This is where Culinology®
comes in. First off, let’s start with a definition. Culinology®,
a registered trademark of RCA, blends culinary arts
and the science of food, and at its core, fosters a union between food service
professionals and food science professionals.
The RCA and its members are pioneers
at the frontier of a fast-growing discipline, sitting between the chefs of professional kitchens, putting
out hundreds of covers a night, and the food scientists who develop products to
increase innovation, quality and speed-to-market. They use Culinology®
to elevate product development through community. That’s pretty fantastic, isn’t
“You think back 30 years ago,
the idea of chefs and their channel, and food scientists and their channel – it
really didn’t merge all that off often,” notes Justin. “One of the people who
was kind of the first culinary scientist or researcher out there was Ferdinand
center: former Worldchefs President, Ferdinand Metz.
knows that name; a man who needs no introduction. He spent many years working
in the food product development space and little did I know when I was at the
CIA – he was the President at the time – that he happened to be one of the
first identifiable, culinary research chefs out there.”
references another culinary great in this evolution story. Revisiting cooking technology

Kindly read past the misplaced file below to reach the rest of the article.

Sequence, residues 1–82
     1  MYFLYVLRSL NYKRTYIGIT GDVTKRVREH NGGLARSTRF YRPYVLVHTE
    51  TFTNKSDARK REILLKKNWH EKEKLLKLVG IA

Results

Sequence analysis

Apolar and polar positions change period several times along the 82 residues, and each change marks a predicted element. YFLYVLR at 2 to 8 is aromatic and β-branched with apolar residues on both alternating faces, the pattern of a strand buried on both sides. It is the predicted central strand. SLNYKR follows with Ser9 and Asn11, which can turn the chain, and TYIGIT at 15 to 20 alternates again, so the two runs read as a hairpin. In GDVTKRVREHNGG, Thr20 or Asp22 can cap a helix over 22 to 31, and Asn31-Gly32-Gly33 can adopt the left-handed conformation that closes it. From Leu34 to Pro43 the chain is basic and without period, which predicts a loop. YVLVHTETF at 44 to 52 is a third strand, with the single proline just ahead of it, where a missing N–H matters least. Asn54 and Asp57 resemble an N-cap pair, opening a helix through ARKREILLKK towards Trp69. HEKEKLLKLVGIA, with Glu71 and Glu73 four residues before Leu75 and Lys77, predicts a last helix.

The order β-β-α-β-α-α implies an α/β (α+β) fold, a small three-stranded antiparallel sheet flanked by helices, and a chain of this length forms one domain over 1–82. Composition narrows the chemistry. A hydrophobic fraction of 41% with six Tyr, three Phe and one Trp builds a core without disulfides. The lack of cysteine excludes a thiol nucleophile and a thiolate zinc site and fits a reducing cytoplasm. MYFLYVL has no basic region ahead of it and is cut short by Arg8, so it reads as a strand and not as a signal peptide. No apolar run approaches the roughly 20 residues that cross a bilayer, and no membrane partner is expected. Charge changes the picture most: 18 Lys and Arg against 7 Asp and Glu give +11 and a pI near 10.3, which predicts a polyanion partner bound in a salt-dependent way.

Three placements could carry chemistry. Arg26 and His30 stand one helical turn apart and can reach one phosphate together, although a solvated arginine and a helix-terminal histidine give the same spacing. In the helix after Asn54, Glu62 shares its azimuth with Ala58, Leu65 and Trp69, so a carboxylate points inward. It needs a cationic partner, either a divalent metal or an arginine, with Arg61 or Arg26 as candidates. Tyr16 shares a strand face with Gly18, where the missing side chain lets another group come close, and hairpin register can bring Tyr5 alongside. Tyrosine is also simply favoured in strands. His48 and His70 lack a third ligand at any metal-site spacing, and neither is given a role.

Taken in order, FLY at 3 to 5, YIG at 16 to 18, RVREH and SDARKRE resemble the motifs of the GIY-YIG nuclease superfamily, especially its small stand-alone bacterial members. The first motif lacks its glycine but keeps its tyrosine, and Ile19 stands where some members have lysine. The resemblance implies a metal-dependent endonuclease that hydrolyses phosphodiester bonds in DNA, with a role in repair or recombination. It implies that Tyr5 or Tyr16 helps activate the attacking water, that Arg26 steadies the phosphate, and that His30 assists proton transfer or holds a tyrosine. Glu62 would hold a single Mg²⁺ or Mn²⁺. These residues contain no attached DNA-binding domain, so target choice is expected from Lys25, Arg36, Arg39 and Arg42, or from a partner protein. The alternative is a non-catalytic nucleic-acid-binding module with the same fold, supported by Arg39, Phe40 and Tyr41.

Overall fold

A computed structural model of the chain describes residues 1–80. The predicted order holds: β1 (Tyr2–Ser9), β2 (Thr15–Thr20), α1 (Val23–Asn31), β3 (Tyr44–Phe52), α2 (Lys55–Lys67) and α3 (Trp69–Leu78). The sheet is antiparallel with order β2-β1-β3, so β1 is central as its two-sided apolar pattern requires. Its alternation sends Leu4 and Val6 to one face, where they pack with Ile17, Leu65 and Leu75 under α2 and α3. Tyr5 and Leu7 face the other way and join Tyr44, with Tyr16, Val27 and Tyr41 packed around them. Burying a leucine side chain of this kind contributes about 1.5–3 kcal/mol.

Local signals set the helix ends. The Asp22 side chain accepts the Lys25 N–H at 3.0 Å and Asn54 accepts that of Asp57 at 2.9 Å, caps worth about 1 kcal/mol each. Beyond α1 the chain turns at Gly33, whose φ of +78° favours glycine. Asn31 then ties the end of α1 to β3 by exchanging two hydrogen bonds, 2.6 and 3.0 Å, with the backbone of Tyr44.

in the days of Escoffier, to cast iron and wood-fire, he imagines “bringing Escoffier
today, and giving him an induction burner and a combi thermal oven. And saying,
all right, what can you do with this?” With the advent of these new technologies
that would be “mind-blowing” to cooks from just 100 years ago, today’s experience
provides these vast and often overlooked applications of science in the kitchen;
applications that bring consistency to a global scale. “It purely spawned from
the idea that cooking and science are one in the same and they’ve never been
different. So why don’t we truly embrace it?”
Justin works with
Griffith Foods, where his passion and talent are more than appreciated, they’re
applied. He’s helping to support their purpose driven strategy across many
roles, including new business development, chain account restaurants, leading the
Snack sales team as well as leading their new business development segment in
health & nutrition.
“At Griffith, we
use culinary arts to accentuate our product developments and at times to be
leading the product development piece with our customers,” says Justin. “We
really want to take this idea of food and elevate it through culinary
perspective, understanding creativity and how to develop complexity and flavor
coming of out the experimental kitchens at Griffith Foods and those of RCA members
at large are creating an effect with industry-wide, food-chain-wide
implications. To put it simply, they’re helping to make better food, better
costs, better chances to feed the masses.
“We can spend all day talking about the economics of it, but
the important piece of this is: the better we choose to do, the better we
require of ourselves, the more it becomes fair for everyone. And that’s really